# k-means clustering for anchor boxes

In this blog post, I will explain how k-means clustering can be implemented to determine anchor boxes for object detection. Anchor boxes are used in object detection algorithms like YOLO [1][2] or SSD [3]. However, only YOLOv2/YOLOv3 mentions the use of k-means clustering to generate the boxes.

SSD calls them default boxes and applies them to several feature maps. In the configuration they can be configured via minimal scale, maximal scale and several aspect ratios.

YOLO on the other hand uses only one feature map. The anchor boxes are configured via their $x$ and $y$ coordinates. In this post, I will focus on YOLO’s implementation, because it is not clear how much SSD would really benefit from clustering.

Data preparation and metric

In general, bounding boxes for objects are given by tuples of the form $(x_0, y_0, x_1, y_1)$ where $x_0, y_0$ are the coordinates of the lower left corner and $x_1, y_1$ are the coordinates of the upper right corner. For clustering however only the normalized width and height of the boxes is needed. The input data is then given by $(\frac{x_1 - x_0}{w}, \frac{y_1 - y_0}{h})$ where $h$ is the image height and $w$ the width. Intuitively, all the bounding boxes lie after subtraction on top of each other.

In order to apply k-means clustering, we have to use the right metric. According to [1] the standard Euclidean distance causes larger boxes to generate more errors than smaller boxes. By using the Intersection over Union metric (Jaccard index) this problem can be avoided.

The Jaccard index can be defined for two boxes $\mathbf{b_1} = (w_1, h_1)$, $\mathbf{b_2} = (w_2, h_2)$ as follows

When the denominator equals the numerator, $J(\mathbf{b_1}, \mathbf{b_2}) = 1$ because both boxes are equal. Assuming all the components of $\mathbf{b_i}$ are non-negative real numbers, the Jaccard index will be between $0$ and $1$.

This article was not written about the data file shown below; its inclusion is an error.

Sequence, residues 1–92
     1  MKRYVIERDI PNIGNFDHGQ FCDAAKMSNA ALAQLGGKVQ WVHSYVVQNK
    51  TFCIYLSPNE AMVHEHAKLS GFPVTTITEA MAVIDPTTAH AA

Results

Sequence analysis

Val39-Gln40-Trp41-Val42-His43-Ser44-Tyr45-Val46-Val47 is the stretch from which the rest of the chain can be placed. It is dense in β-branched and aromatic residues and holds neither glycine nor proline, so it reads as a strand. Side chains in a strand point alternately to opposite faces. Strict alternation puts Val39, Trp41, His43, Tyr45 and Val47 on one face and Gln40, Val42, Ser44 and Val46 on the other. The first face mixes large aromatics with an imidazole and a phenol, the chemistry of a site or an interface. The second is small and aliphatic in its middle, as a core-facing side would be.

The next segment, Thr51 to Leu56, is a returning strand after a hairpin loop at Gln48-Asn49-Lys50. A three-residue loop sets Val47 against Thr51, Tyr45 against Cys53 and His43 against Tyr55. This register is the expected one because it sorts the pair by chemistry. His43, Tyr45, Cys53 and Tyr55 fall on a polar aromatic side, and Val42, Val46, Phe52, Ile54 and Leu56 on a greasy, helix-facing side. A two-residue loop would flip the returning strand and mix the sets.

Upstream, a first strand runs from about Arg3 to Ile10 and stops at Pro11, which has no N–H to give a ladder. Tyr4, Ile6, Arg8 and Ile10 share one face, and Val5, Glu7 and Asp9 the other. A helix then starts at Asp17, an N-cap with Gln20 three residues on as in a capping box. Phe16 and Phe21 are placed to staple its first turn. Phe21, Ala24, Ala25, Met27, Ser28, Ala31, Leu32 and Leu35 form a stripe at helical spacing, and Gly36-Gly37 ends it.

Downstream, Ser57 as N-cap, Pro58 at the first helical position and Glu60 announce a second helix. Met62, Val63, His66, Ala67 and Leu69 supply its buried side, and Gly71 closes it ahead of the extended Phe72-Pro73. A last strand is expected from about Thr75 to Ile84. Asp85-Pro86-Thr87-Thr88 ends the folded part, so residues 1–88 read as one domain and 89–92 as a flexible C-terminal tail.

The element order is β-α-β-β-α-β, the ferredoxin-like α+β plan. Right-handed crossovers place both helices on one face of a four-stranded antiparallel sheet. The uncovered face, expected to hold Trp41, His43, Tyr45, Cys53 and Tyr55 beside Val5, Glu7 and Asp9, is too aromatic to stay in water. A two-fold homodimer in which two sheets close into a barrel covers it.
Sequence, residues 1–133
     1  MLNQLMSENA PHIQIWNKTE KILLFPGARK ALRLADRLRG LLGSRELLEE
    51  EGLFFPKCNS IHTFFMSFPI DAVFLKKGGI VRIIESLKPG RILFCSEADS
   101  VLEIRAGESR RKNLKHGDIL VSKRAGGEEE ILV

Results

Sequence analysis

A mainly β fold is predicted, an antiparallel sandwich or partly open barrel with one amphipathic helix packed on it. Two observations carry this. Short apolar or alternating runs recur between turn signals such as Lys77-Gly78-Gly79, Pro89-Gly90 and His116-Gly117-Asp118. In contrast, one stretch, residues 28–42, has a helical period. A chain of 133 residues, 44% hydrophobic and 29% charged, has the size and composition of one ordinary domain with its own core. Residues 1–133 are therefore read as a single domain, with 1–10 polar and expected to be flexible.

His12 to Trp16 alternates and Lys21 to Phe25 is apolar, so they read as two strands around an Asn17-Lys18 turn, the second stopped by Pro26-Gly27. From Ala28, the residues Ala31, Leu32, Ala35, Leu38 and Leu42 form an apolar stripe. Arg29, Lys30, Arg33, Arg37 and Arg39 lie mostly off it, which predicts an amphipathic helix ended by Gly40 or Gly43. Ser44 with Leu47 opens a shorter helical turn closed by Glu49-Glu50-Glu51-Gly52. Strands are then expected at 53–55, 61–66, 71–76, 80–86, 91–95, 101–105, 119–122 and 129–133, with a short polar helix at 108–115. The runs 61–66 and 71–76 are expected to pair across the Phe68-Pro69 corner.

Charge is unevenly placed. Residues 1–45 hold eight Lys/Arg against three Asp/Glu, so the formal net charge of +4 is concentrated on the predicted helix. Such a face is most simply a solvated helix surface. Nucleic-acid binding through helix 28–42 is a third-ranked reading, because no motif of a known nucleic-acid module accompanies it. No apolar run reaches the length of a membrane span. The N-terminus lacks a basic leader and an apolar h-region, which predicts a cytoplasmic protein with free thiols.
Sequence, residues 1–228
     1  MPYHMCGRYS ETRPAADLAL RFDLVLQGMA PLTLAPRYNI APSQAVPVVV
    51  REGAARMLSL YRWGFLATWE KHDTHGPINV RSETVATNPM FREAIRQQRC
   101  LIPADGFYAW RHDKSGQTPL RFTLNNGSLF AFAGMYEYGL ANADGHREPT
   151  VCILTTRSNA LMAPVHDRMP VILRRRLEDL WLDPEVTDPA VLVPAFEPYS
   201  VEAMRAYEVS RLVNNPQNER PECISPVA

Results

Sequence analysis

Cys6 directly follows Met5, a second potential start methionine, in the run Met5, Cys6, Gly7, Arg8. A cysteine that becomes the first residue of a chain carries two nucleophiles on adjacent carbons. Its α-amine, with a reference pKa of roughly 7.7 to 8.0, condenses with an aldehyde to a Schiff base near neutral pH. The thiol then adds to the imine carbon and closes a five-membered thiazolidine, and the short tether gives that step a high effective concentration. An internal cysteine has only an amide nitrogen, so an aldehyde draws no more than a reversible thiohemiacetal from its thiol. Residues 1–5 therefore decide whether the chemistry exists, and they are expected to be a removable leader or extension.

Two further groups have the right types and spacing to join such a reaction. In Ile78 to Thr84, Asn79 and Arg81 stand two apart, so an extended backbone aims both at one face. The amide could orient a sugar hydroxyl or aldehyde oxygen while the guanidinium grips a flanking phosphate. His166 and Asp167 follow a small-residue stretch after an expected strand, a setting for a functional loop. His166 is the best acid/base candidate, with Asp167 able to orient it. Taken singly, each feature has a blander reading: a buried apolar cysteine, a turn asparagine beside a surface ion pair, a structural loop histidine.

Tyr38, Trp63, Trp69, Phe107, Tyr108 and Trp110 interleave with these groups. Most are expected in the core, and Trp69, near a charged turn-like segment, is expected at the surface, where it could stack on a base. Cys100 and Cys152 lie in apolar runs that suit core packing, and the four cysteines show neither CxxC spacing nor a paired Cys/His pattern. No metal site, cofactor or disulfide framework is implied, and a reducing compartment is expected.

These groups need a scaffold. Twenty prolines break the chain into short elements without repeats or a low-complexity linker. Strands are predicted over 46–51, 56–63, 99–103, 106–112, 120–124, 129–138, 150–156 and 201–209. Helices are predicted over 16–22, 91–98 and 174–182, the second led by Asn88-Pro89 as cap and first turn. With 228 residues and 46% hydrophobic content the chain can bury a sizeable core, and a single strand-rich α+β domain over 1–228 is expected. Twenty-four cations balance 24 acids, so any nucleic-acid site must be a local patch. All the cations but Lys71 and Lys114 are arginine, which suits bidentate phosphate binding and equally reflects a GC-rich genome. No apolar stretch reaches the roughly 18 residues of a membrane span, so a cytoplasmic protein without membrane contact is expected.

Clustering

The k-means clustering algorithm does not really change a lot when applied to anchor boxes. At initialization we can choose $k$ random boxes as our initial means $\mathbf{a_i}$. Then we can assign each bounding box $\mathbf{b_p}$ to a cluster $C_i$:

where $d_J(\mathbf{b_p}, \mathbf{a_i}) = 1 - J(\mathbf{b_p}, \mathbf{a_i})$ and $i \in [1, k]$.

The last step is then to calculate the mean of all the boxes that belong to $C_i$ and set this as the new mean $\mathbf{a_i}$. This process can be repeated until convergence.

Alternatively, we can also describe the algorithm in terms of matrices. Let $\mathbf{B}$ be an $n \times 2$ matrix that contains the bounding boxes and $\mathbf{C}$ a $k \times 2$ cluster matrix. Then the $n \times k$ distance matrix can be defined as $\mathbf{D}_{i} = d_J(\mathbf{B}_i, \mathbf{C})$. The smallest value in each row of $\mathbf{D}$ will give the cluster to which the box belongs to. The new clusters after each iteration will be given by the mean of the bounding boxes in $\mathbf{B}$ that have the least distance to cluster $i$. With each iteration, $\mathbf{D}$ and $\mathbf{C}$ will be recalculated. When $\mathbf{D}$ does not change anymore, the algorithm terminates and the anchor boxes are given by $\mathbf{C}$.

Implementation

I also put the code on github with some more comments, tests and graphs [4].

References

[1] J. Redmon and A. Farhadi, “YOLO9000: Better, Faster, Stronger”. http://arxiv.org/abs/1612.08242

[2] J. Redmon and A. Farhadi, “YOLOv3: An Incremental Improvement”. https://pjreddie.com/media/files/papers/YOLOv3.pdf

[3] W. Liu, D. Anguelov, D. Erhan, C. Szegedy, S. Reed, C.-Y. Fu, and A. C. Berg, “SSD: Single Shot MultiBox Detector” https://arxiv.org/abs/1512.02325

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